A recent story by Reveal, a nonprofit news organization, alleges that during the competition for Amazon’s second headquarters, the state made four safety citations against the company “go away.” (I find it illuminating–and incredibly depressing– that the Indianapolis Star simply published Reveal’s investigative report. It’s just one more bit of evidence that the Star itself no longer has the capacity to engage in investigative journalism or fulfill its watchdog role.)

When an Amazon worker was killed by a forklift in a Plainfield warehouse in 2017, the state of Indiana’s investigator found the company was at fault. The state cited Amazon for four major safety violations and fined it $28,000.

But an investigation by Reveal from The Center for Investigative Reporting has found that, as Gov. Eric Holcomb sought to lure Amazon’s HQ2 to Indiana, state labor officials quietly absolved Amazon of responsibility. After Amazon appealed, they deleted every fine that had been levied and accepted the company’s argument — that the Amazon worker was to blame.

The investigator on the case, John Stallone, had arrived at the warehouse a day after 59-year-old Phillip Lee Terry was crushed to death. He was so troubled by the pushback he was getting from higher-ups that he secretly recorded his boss, Indiana OSHA Director Julie Alexander, as she counseled the company on how to lessen the fine.

“It’s like being at a card table and having a dealer teach you how to count cards,” Stallone said.

Stallone is quoted as saying that pressure to back off came from “as high up as the governor’s mansion.”

The governor has reacted angrily, sending Reveal and the Star an intimidating “cease and desist” letter, and insisting that he was not involved in handling the dispute. The officials at the labor department have thus far declined to be interviewed.

According to Reveal,

Indiana OSHA issued four serious safety citations, for a total fine of $28,000. Stallone sought more, but he was getting pushback. On Nov. 20, 2017, Stallone joined his boss, Julie Alexander, the Indiana OSHA director, as she called Amazon officials. He secretly recorded the conversation, which is legal in Indiana, and shared the recording with Reveal.

During the call, Alexander told the Amazon officials what she’d need from them in order to shift the blame from the company to “employee misconduct,” according to the recording….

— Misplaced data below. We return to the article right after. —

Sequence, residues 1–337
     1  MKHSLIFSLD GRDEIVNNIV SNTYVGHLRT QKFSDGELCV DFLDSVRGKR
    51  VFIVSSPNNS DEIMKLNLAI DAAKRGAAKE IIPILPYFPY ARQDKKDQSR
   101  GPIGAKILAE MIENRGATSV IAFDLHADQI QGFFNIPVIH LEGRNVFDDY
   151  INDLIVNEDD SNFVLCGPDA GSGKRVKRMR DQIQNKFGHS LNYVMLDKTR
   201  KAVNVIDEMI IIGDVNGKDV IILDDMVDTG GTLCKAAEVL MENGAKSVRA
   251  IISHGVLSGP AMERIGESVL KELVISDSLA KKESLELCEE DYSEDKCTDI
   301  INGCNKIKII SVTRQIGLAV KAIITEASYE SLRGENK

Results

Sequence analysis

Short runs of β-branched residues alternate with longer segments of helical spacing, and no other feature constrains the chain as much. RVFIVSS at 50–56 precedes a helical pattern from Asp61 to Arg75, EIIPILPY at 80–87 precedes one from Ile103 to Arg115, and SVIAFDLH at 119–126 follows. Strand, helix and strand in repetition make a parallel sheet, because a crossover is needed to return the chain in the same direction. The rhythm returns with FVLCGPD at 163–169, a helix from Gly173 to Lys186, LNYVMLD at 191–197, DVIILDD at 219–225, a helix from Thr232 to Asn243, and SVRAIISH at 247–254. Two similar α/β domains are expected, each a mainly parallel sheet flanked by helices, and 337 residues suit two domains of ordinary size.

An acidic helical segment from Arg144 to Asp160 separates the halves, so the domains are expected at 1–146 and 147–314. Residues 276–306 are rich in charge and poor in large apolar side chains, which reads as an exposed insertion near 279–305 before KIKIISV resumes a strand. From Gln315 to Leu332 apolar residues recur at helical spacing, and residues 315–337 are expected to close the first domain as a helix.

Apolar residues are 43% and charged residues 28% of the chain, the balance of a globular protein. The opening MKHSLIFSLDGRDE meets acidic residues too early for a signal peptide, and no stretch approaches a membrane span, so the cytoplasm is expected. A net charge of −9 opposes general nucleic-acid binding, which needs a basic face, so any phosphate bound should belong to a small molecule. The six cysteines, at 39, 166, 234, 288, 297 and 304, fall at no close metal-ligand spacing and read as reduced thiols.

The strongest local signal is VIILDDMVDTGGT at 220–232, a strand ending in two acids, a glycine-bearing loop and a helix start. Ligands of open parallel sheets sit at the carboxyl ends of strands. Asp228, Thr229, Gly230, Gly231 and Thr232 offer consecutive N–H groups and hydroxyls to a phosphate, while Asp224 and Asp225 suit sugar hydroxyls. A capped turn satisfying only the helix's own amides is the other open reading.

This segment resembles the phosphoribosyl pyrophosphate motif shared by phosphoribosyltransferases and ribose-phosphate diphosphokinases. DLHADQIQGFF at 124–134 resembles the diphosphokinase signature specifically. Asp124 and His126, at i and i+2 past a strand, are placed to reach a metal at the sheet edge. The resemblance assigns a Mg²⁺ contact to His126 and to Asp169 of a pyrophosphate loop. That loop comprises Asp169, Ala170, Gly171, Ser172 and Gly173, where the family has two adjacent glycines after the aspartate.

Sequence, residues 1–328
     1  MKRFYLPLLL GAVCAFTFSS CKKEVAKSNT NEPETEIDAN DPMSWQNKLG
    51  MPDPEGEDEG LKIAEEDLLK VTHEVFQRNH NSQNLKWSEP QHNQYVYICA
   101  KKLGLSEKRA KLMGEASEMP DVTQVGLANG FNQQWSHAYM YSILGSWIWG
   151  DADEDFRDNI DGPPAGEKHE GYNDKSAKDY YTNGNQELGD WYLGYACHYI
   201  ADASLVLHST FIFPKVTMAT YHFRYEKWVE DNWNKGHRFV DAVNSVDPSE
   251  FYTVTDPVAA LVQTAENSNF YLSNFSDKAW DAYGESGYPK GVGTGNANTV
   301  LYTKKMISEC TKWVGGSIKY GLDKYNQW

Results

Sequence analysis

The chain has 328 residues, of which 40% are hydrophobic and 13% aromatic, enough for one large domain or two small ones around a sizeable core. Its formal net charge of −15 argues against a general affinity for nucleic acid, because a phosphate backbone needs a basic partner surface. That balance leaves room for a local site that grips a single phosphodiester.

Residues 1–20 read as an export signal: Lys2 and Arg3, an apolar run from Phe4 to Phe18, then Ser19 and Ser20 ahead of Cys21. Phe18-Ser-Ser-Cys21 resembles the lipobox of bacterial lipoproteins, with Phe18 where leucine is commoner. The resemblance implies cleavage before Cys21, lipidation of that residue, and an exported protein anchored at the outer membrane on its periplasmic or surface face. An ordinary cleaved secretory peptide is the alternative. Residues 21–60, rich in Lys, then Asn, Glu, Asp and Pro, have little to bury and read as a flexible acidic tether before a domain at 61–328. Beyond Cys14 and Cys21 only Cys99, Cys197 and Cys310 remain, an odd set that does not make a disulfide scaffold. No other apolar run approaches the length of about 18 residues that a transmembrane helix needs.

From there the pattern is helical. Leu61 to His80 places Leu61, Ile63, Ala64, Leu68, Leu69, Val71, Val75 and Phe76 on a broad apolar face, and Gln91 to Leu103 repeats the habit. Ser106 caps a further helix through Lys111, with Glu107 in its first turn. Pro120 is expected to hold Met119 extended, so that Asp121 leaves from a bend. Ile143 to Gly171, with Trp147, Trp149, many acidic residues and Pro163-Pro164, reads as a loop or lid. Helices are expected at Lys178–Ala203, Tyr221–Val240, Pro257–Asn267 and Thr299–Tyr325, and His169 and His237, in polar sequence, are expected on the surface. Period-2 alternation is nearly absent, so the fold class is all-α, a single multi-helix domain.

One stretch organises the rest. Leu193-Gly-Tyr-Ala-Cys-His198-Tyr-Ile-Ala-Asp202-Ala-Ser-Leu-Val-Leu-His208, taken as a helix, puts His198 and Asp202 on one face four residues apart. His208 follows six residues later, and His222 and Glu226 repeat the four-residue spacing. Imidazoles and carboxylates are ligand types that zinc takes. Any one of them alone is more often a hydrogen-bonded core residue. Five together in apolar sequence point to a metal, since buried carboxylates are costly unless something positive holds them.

Some days after the conference call with Amazon officials, Stallone said Indiana Labor Commissioner Rick Ruble pulled him into his office. The governor was there, too, standing by the commissioner’s desk, according to Stallone.

He recalled that Holcomb told him how much it would mean to Indiana if the state won the Amazon headquarters deal. Then, Stallone said, the commissioner told him to back off on the Amazon case — or resign.

Stallone did resign, and reported the situation to OSHA.

The same day Stallone sent his whistleblower email, Amazon’s corporate offices in Seattle gave a $1,000 campaign contribution to Indiana’s governor. It was years before Holcomb would next face reelection, and Amazon hasn’t donated to him before or since.

Perhaps–as the Governor and labor officials insist– Stallone is just making entirely innocuous actions seem nefarious, although it is difficult to imagine what his motive might be. Or perhaps, the prospect of winning Amazon’s headquarters–or at the very least, avoiding measures that might make the state less competitive–persuaded the Governor and other officials to make an exception to the rules.

These days, everywhere you look, exceptions are swallowing the rules.

 

 

Indiana Doesn’t Do New

Residents of Indiana’s urban areas will tell you that one of the more annoying features of Hoosier life is a state government in thrall to rural interests.

Indiana has a significant urban/rural cultural divide. Our legislature–which for years has been gerrymandered in ways that significantly favor rural Republican areas–resents the fact that Indianapolis is the state’s economic driver, and routinely screws us over.

State agencies, for their part,  vary in their approach to the needs  of urban Hoosiers.